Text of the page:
Amrita Fertility Centre, Amrita Speciality Clinic at Thevara, Kochi was inaugurated by K. J. Maxi MLA on September 26, 2017. Swami Purnamritananda Puri gave the benedictory address. Cine actress Shanti Krishna was the chief guest on the occasion.
Amrita Fertility Centre has been designed as a world class facility with state-of-the-art technology and infrastructure. It has one of the largest clean room labs and provides highly affordable Assisted Reproductive Services like IVF, ICSI, IUI, diagnosis of sexual dysfunction, testicular biopsy, TESA, Micro TESE, Cryopreservation and genetic services. Infertility treatment provides customized, evidence-based treatment to each people. Advanced research in the field of assisted reproduction widens treatment horizons.
Amrita Fertility Centre is the first institute in the state to offer a PG teaching program leading to MCH in Reproductive Medicine recognised by the Medical Council of India.
Dr. Prem Nair, Medical Director, Amrita Institute of Medical Sciences; Dr. Vishal Marwaha, Principal, Amrita School of Medicine; Dr. Narayanan, IMA President; Dr.Vinayachandran S., President, KFOG; Dr. Radhamany K., Professor and Head of Obstetrics and Gynaecology, Amrita Institute of Medical Sciences; Dr. Gracy Thomas, President, COGS; Dr. Jayasree Nair, Head of Reproductive Medicine; Dr. Fessy Louis, Consultant, and Dr. Jyothi Pillai, Consultant, Amrita Fertility Centre spoke on the occasion.
“Sarve Bhavanthu Sukhinah”
SWASTI, a health and well-being initiative, with the aim of improving awareness and promoting positive health and well-being was launched at Amrita Hospital on September 25, 2017. The aim of SWASTI is working collaboratively with various schools, colleges, institutes, organisations and the public to deliver a range of educational programmes, presentations and interactive forums on mental health and well-being. “Depression: Let’s talk” is the World Health Organisation (WHO) theme for 2017. Mental Health in the workplace is the theme for the World Mental Health day this year (10 October 2017). The launch of SWASTI is based on the theme of “Mental Health”. There is “No health without mental health” and the aim is to raise the awareness and profile of health and well-being.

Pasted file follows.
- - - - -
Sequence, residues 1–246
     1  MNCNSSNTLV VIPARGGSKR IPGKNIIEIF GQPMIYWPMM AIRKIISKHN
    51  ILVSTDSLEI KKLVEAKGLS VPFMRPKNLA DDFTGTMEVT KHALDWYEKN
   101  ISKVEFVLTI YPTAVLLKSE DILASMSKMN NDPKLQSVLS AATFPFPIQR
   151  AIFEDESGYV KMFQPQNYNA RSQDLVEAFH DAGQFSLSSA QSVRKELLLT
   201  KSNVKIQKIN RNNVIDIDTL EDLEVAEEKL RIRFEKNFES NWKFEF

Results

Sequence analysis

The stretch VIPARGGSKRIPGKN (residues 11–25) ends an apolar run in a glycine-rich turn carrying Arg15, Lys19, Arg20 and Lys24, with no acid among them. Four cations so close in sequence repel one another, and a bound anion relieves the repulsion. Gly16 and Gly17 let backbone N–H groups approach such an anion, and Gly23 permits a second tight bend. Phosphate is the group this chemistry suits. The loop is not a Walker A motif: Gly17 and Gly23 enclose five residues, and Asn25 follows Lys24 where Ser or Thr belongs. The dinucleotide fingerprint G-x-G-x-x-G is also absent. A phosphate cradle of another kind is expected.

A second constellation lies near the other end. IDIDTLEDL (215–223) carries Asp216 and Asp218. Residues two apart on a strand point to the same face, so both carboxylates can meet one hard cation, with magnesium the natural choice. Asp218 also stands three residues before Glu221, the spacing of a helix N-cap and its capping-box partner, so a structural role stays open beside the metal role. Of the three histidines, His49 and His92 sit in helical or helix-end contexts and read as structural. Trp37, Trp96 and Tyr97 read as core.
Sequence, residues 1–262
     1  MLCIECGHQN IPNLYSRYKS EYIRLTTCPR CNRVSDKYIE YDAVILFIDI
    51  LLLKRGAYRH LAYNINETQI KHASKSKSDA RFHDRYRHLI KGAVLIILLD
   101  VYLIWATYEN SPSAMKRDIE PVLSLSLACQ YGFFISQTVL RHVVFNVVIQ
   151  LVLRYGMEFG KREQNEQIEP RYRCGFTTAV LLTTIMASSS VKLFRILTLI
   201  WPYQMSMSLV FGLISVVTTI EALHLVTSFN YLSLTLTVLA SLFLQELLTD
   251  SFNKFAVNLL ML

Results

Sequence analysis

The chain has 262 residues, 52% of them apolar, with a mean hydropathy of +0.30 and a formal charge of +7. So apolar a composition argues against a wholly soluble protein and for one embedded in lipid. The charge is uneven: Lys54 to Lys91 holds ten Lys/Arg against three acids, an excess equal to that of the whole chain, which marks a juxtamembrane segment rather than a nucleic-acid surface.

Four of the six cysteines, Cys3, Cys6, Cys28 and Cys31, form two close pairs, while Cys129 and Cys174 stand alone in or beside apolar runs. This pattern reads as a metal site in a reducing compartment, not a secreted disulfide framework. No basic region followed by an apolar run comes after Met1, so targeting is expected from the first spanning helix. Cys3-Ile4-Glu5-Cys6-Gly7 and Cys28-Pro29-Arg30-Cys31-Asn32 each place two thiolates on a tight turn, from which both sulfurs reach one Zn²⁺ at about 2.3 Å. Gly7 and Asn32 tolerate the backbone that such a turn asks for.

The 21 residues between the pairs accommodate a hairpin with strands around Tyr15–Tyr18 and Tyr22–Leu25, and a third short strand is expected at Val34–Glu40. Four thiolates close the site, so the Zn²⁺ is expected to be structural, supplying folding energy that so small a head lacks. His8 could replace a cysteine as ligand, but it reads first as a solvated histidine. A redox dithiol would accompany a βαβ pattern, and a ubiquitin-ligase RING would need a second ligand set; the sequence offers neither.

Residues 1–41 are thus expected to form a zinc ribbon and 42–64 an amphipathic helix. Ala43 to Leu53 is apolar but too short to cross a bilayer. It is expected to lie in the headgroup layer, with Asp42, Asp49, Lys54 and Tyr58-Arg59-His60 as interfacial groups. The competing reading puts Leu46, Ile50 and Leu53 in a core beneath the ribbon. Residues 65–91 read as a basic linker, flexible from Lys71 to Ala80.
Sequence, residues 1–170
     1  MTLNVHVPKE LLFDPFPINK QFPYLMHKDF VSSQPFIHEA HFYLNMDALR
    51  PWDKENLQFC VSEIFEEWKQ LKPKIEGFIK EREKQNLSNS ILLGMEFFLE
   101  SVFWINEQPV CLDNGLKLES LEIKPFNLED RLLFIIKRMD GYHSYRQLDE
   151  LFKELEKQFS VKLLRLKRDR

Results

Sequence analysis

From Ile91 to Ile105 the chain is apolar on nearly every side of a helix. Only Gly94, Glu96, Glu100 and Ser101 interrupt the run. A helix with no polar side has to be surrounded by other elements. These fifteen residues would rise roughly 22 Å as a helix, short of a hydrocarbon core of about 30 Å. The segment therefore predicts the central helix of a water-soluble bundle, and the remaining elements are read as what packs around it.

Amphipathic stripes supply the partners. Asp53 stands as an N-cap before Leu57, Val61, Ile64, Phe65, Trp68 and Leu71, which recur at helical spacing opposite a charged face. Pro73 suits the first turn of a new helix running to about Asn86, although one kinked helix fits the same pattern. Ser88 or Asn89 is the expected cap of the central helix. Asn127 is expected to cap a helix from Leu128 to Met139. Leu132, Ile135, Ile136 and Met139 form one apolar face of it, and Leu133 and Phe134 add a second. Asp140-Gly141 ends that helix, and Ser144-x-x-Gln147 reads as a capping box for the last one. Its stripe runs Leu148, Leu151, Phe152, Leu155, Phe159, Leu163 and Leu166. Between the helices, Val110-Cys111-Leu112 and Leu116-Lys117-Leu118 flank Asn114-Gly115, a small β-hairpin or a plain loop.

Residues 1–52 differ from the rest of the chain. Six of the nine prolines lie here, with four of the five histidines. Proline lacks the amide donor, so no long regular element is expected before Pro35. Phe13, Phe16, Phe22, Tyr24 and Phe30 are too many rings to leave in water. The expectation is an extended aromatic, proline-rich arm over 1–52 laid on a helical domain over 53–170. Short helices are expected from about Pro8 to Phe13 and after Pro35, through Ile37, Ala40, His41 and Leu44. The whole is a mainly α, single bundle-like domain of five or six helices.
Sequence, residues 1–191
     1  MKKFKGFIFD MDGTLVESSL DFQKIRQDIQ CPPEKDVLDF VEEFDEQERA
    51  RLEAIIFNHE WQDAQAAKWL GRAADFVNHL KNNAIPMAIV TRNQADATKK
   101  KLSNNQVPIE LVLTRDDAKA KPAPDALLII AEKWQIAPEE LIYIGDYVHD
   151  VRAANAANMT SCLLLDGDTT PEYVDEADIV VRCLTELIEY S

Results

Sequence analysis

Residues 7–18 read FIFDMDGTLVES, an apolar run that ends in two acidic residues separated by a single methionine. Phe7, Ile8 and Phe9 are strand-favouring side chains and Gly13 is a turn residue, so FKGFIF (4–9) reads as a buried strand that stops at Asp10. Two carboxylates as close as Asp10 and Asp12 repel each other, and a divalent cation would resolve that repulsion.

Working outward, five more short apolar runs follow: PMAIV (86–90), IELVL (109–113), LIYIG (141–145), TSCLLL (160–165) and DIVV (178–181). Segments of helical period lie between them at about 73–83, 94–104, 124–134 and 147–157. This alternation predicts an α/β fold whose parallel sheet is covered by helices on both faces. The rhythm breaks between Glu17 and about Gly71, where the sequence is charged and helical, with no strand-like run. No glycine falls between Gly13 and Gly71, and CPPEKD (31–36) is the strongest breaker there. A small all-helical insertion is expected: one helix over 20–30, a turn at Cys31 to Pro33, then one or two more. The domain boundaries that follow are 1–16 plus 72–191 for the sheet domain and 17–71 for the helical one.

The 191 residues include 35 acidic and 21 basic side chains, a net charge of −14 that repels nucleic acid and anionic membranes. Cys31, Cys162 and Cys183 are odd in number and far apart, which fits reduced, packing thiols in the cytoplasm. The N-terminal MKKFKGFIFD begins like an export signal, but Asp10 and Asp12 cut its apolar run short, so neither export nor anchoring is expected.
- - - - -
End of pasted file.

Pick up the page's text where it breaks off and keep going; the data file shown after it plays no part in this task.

Well known lyricist, poet and script writer, Sri. Mankombu Gopalakrishnan, inaugurated the launching of “SWASTI”. Swami Purnamritananda Puri, General Secretary, Mata Amritanandamayi Math, gave the benedictory address. Cine actor, Meera Vasudevan, launched the social media website of SWASTI and shared with the audience about the subject Reel Life and Real Life: Perceptions and Perspectives on Mental Health. Commissioner of Income Tax, Dr. Jayasankar Neelakantan IRS unveiled Swasti logo and delivered the key note address. Music composer and sound designer, Sri. Dhevesh, recited the poem ‘SWASTI’.
Dr. Prem Nair, Medical Director, Amrita Institute of Medical Sciences; Dr. Vishal Marwaha, Principal, Amrita School of Medicine; Dr. U. Krishnakumar, Director, Amrita School of Arts and Sciences, Kochi; Dr. Sanjeev K. Singh, Medical Superintendent, Amrita Institute of Medical Sciences; Dr. Valsraj Menon, Additional Medical Superintendent, Amrita Institute of Medical Sciences; Dr. Kesavankutty, Head of Psychiatry Department, Amrita Institute of Medical Sciences; Dr. Gitanjali Natarajan, Head of Clinical Psychology, Amrita Institute of Medical Sciences; Dr. Aswathy S., Professor of Community Medicine, Amrita Institute of Medical Sciences and Sai Bala, Nursing Director, Amrita Institute of Medical Sciences spoke on the occasion. Students under the Amrita University performed various programs based on the subjects on mental health to improve public understanding of mental health and delivered on-going activities on health and well-being.